NEW JERSEY (BLOOMBERG) – Europe’s common currency edged closer toward parity with the US dollar Monday (July 11) as energy concerns and the risk of recession weighed on the outlook for the euro area, while risk aversion fueled a broad rally in the greenback.
The euro dropped as much as 1.3 per cent to US$1.0053, eclipsing its low from last week. The last time it was this low was back in 2002. The Bloomberg Dollar Spot Index jumped as much as 1.1 per cent.
The currency’s downward spiral has been swift and brutal, given it was trading around US$1.15 in February. A string of increasingly-large Federal Reserve interest-rate hikes has supercharged the dollar, while Russia’s invasion of Ukraine has worsened the outlook for growth in the euro zone and pushed up the cost of its energy imports.
Shorts on the common currency were one of the most popular trades among foreign-exchange professionals last week.
The euro position saw the biggest weekly change compared to other major currencies, with accounts adding US$769 million to net short bets totaling US$2.2 billion, the most since late November, Scotiabank strategists Shaun Osborne and Juan Manuel Herrera Betancourt wrote in a report Monday.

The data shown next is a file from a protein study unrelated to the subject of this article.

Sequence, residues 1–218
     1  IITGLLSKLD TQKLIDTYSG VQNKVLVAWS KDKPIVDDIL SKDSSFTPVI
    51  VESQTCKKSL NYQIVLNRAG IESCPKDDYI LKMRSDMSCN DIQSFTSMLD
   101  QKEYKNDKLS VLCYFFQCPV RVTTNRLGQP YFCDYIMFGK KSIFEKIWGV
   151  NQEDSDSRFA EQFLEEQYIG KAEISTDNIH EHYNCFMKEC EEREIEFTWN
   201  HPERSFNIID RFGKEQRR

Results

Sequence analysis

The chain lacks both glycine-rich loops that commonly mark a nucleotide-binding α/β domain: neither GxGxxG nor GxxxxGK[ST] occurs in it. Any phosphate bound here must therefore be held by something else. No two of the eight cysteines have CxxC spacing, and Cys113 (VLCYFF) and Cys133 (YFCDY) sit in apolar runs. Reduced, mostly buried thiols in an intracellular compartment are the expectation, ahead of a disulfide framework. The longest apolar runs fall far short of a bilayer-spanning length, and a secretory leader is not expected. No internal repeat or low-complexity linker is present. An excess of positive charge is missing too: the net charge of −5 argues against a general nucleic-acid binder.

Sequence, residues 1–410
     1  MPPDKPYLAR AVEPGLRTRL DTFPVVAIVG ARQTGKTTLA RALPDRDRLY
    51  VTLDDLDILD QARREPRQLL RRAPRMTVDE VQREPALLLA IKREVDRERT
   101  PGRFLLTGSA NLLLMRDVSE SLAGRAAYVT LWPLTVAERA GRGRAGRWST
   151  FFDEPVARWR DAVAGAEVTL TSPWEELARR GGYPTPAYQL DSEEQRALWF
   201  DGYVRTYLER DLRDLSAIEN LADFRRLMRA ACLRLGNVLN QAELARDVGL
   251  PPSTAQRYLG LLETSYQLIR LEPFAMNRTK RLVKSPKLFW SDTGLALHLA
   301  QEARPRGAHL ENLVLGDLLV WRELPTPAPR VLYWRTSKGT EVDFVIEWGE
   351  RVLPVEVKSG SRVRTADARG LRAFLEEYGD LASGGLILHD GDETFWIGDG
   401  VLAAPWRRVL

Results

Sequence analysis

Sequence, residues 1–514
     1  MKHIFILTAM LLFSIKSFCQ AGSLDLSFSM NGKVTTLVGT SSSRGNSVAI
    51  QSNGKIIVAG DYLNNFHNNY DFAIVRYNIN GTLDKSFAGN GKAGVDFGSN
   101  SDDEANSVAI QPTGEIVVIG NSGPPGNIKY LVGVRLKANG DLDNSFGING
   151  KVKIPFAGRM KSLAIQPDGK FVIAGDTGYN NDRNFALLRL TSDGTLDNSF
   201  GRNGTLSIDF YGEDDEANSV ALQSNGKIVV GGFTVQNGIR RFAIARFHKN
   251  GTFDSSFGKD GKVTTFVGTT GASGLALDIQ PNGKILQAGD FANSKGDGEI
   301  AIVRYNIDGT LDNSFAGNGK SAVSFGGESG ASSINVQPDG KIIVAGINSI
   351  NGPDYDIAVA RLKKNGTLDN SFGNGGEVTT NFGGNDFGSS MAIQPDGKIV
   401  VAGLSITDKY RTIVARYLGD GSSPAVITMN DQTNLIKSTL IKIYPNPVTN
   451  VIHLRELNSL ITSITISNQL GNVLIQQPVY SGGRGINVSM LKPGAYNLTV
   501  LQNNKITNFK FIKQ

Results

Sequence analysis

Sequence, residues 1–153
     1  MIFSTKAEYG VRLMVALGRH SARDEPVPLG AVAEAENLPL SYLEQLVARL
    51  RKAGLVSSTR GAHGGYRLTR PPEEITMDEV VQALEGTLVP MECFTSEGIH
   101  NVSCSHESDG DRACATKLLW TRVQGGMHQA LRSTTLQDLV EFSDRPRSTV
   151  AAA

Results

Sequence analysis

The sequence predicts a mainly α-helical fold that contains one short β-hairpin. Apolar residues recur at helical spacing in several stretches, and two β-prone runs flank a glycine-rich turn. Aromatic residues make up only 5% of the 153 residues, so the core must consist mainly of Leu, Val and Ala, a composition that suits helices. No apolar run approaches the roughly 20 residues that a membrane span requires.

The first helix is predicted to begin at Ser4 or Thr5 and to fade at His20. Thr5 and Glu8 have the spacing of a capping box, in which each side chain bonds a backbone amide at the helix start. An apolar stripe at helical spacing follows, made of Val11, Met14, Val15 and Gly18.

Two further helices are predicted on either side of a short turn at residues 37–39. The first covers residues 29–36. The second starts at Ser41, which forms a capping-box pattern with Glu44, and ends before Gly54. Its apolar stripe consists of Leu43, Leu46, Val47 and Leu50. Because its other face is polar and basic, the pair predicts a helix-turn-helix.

George Saravelos, global head of FX research for Deutsche Bank, told Bloomberg Surveillance Monday he could see the euro moving under parity, especially in the scenario of a “complete gas shutoff” from the Nord Stream 1 pipeline.
The bank is pricing the euro to move in between a range of 0.95 to parity against the dollar, he said. “I really wouldn’t say 0.95 would be unreasonable,” Saravelos said. “Even if this gas returns in terms of full flow after the maintenance period, the (risk) premium is unlikely to go away. And I think that’s a critical thing that’s changed over the past few weeks.”
Citigroup analyst Tom Fitzpatrick said he was “going all-in” on shorting the euro versus the greenback, pricing a put on the euro-dollar pair at 0.95.
Still, some strategist were less sanguine about the dollar and the euro’s near-term trajectory.
“It’s hard to argue against owning the US dollar with such an aggressive Fed posture and the myriad of issues in Europe,” said Brad Bechtel, foreign-exchange strategist at Jefferies. “Having said that it feels like EUR/USD is oversold on many technical measures and parity was such a target for so many people in the market that it wouldn’t surprise if we see a lot of profit taking down here and a short term bounce.”
The dollar’s strength was broad-based Monday, with other currencies falling as much or more than the euro. The Australian dollar led declines among Group-of-10 counterparts, while the euro fell inline with peers from Norway and New Zealand.